A Simple Algorithm for Finding Maximal Network Flows and an Application to the Hitchcock Problem

  title={A Simple Algorithm for Finding Maximal Network Flows and an Application to the Hitchcock Problem},
  author={Lester Randolph Ford and Delbert Ray Fulkerson},
  journal={Canadian Journal of Mathematics},
  pages={210 - 218}
The network-flow problem, originally posed by T. Harris of the Rand Corporation, has been discussed from various viewpoints in (1; 2; 7; 16). The problem arises naturally in the study of transportation networks; it may be stated in the following way. One is given a network of directed arcs and nodes with two distinguished nodes, called source and sink, respectively. All other nodes are called intermediate. Each directed arc in the network has associated with it a nonnegative integer, its flow… 

Figures from this paper

The author will give an extension of Ford-Fulkerson's primal-dual algorithm for the unc.apacitated or capacitated Hitchcock problem 4) to the transportation problem on a general network.
Flows, Paths, and Transportation 1. Flows
  • Mathematics
In the 1950s, T.E. Harris at the RAND Corporation in Santa Monica (California) called attention for the following problem: Consider a rail network connecting two cities by way of a number of
A Network-Flow Feasibility Theorem and Combinatorial Applications
There are a number of interesting theorems, relative to capacitated networks, that give necessary and sufficient conditions for the existence of flows satisfying constraints of various kinds. Typical
Network Flows
1 Defining Network Flow A flow network is a directed graph G = (V,E) in which each edge (u, v) ∈ E has non-negative capacity c(u, v) ≥ 0. We require that if (u, v) ∈ E, then (v, u) / ∈ E. That is, if
Minimizing the maximum network flow: models and algorithms with resource synergy considerations
This paper proposes an inner-linearization procedure that significantly outperforms the competitive commercial solver SBB by improving the quality of solutions found by the latter by 6.2% (within a time limit of 1800 CPU s), while saving 84.5% of the required computational effort.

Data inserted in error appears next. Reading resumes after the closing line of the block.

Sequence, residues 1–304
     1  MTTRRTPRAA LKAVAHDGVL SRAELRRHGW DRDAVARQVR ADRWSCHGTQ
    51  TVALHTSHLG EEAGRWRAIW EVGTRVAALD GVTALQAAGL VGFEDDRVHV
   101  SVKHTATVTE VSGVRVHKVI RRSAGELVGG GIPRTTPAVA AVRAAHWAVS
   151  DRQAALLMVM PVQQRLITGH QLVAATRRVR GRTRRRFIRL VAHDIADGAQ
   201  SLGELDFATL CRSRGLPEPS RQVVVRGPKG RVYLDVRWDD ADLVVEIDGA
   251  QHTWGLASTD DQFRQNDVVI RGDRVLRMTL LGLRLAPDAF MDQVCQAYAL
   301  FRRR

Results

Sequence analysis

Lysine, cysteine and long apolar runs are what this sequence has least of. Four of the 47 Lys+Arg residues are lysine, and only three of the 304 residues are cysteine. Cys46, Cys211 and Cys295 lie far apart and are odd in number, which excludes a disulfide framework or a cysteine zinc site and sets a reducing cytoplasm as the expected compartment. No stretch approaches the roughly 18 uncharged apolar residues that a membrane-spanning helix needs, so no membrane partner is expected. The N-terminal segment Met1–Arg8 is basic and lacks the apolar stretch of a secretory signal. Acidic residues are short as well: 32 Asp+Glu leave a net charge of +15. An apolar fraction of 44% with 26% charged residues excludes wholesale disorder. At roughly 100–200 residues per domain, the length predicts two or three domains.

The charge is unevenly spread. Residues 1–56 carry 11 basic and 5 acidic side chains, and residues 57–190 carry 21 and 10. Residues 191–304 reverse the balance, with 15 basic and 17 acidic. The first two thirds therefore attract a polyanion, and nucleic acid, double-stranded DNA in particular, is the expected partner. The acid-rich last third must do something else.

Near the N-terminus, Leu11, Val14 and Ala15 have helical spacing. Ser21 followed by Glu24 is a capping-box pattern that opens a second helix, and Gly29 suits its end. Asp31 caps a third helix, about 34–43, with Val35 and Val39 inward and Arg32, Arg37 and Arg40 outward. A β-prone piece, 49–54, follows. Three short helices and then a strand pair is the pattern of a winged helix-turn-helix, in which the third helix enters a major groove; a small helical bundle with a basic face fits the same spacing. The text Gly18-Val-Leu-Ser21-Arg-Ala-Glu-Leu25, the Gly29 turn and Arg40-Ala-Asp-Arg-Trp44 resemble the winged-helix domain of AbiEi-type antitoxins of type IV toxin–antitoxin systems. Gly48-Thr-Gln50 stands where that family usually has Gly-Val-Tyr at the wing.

Ford-Fulkerson Max Flow Labeling Algorithm
The Ford-Fulkerson max ow labeling algorithm[3, 4] was introduced in the mid-1950's, and became the seminal work that is still applicable. The material presented in this note is taken from their
Multi-Commodity Network Flows
A network is a set of nodes Ni connected by arcs with nonnegative arc capacities bij which indicates the maximum amount of flow that can pass through the arc from Ni to Nj. Given all bij, there is a
Matchings, Cuts, and Flows
This chapter describes a single algorithm with many variations and applications, that of finding maximum flow in a network, and the main solution strategy is the augmenting path method of Ford and Fulkerson.


Computation of maximal flows in networks
A simple computational method, based on the simplex algorithm of linear programming, is proposed for the following problem: connecting two given points by way of a number of intermediate points, where each link of the network has a number assigned to it representing its capacity.
Notes on Linear Programming: Part 1. The Generalized Simplex Method for Minimizing a Linear Form under Linear Inequality Restraints
Abstract : The determination of optimum solutions to systems of linear inequalities has assumed increasing importance as a tool for mathematical analysis of certain problems in economics, logistics,
On Representatives of Subsets
Let a set S of mn things be divided into m classes of n things each in two distinct ways, (a) and (b); so that there are m (a)-classes and m (b)-classes. Then it is always possible to find a set R of
On the Max Flow Min Cut Theorem of Networks.
Abstract : It is shown that Menger's theorem and the Max Flow Min Cut Theorem on networks are applications of the duality theorem of linear inequality theory.
Otherwise a and b are non-comparable. A subset S of P is independent if every two distinct elements of S are non-comparable. S is dependent if it contains two distinct elements which are comparable.
A combinatorial algorithm for the assignment problem. Issue 11 of Logistics Papers
  • A combinatorial algorithm for the assignment problem. Issue 11 of Logistics Papers
  • 1954
A theorem onflows in networks
  • A theorem onflows in networks